Top College News Subscribe to the Newsletter

Campus School Seeks To Become Bigger Part Of BC Life

Heights Senior Staff

Published: Sunday, February 5, 2012

Updated: Wednesday, January 9, 2013 18:01

Campus School 2/6/12

Alexandra Gaynor / Heights Staff

Despite its status as the smallest academic building on campus, the most learning happens within Campion Hall. Campion serves as home to the Campus School, a school for students ages three to 21 with special needs. The school operates outside of the Boston College administration, but it offers opportunities for BC students to honor the Jesuit motto of men and women for others through working with the students of the Campus School.

The Campus School Volunteers of Boston College (CSVBC) hosts a number of yearly events to provide support to the Campus School. Composed of seven student committees, including committees for publications, the annual broom hockey tournament, literacy buddies, the Boston Marathon initiatives, special events, the a cappella group, and the Eagle Eyes effort, CSVBC bridges the gap between BC and the Campus School. "We [CSVBC] are the people behind the planning of the different events, and then there are the volunteers for the Campus School as a whole," said Nici Perreault, a chair of publications and A&S '14.

With a new calendar year upon them, CSVBC plans on spreading awareness of the program and the Campus School to the greater community. "Campus School is part of BC, but a lot of people think it's separate," Perreault said. "We want to integrate it more into the campus and make more people aware of it and make students more aware of the volunteer opportunities, because even though we do have a ton of volunteers, it's great whenever we have these special event parties if actual BC students could come and get involved and see that there is this great school on campus that does these great things for students with special needs."

The organization boasts a wide array of events with volunteering opportunities, but perhaps the most popular and well-known of these events is the yearly Boston Marathon effort. With the Campus School's status as a non-profit school, the student participation in the marathon serves as a fundraising effort to raise money for the school. "I think we have over 300 BC students planning on running this year for the Campus School," Perreault said.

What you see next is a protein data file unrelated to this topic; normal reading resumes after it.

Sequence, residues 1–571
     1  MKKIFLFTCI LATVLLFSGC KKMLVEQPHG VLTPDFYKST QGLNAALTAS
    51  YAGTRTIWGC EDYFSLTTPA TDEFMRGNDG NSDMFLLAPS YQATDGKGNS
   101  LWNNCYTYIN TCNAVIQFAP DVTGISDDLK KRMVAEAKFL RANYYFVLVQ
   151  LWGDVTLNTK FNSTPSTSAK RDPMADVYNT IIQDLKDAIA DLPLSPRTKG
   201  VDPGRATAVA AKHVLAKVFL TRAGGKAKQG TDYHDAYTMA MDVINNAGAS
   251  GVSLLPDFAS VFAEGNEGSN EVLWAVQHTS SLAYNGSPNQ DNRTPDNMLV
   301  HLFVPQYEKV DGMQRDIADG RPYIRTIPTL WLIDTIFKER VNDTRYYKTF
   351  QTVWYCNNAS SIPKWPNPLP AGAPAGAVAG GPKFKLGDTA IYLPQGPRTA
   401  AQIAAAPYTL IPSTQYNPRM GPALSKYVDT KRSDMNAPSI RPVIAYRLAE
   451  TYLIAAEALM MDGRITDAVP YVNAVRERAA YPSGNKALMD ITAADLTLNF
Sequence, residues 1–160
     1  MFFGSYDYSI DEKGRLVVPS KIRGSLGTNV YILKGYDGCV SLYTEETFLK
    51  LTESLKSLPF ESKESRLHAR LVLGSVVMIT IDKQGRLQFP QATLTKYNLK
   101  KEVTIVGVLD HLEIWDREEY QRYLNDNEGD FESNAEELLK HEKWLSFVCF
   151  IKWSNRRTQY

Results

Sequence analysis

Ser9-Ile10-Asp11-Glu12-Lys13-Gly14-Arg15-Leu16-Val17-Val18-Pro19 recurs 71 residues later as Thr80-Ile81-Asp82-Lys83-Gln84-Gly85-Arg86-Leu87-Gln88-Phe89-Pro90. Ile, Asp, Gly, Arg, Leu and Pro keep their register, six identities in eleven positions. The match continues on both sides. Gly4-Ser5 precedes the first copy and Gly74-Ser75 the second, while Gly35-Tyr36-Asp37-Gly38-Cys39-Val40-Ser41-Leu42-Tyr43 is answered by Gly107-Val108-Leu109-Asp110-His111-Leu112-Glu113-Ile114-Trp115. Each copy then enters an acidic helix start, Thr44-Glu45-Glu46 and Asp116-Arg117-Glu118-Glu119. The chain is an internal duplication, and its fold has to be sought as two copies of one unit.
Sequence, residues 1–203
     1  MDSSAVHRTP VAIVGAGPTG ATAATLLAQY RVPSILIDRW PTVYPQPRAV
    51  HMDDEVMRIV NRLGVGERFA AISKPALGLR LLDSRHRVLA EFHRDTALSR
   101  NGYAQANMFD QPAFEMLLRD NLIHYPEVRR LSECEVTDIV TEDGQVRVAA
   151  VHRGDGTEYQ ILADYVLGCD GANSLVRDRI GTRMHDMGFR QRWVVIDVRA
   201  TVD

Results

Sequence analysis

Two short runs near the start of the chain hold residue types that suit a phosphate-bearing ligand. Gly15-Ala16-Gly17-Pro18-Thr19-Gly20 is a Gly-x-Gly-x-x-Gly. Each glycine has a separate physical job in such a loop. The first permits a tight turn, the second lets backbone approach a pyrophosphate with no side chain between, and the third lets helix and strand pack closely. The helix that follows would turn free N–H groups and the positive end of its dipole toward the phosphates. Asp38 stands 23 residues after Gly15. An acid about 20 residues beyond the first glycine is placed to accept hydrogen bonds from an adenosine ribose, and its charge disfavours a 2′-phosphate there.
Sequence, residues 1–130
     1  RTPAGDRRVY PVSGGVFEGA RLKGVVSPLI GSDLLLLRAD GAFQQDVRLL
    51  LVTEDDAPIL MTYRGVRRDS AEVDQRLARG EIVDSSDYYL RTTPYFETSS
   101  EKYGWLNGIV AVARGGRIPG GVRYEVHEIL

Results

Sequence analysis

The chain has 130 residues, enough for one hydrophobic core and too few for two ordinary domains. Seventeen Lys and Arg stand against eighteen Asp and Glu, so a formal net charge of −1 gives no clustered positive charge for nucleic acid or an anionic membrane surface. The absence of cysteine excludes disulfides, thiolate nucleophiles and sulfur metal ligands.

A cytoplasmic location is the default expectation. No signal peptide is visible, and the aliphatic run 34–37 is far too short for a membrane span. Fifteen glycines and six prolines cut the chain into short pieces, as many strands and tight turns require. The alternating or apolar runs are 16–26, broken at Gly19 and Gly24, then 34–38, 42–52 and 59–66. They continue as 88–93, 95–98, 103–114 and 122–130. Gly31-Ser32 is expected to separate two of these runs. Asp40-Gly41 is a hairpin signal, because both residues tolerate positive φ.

For students planning on running for the Campus School, there are certainly benefits. "The school brings in a nutritionist, they organize group runs, and put on other events, like a fitting with Marathon Sports for sneakers," Perreault said. "We do the Mile 21, where Campus School students and their families cheer the runners on." A particular tradition keeps the runners' goal in mind, though. "Students will wear a picture on their shirt with their Campus School student or their buddy on it."

While the marathon may be the most recognizable of the CSVBC's programs, it is certainly not the only one. They host events for both the BC community and the Campus School students. Events include a broom hockey tournament and a golf tournament, which both serve to raise money for the Campus School, a number of holiday parties, and a Campus School semiformal. "It's really great to see BC students go [to the semiformal]," Perreault said. "It's really like prom for those s++tudents. It's for the high school kids, so it's really trying to allow them to have the whole high school experience."

The opportunities CSVBC offer provide a service to an often unrecognized community on the BC campus, but the volunteers agree the rewards are mutual. "I speak on behalf of everyone at the Campus School when I say you get so much more out of this than maybe even the student," Perreault said. "You get such a feeling of joy and pride in what you're doing. Seeing them laugh and seeing them smile is so rewarding."

Recommended: Articles that may interest you

Be the first to comment on this article!

log out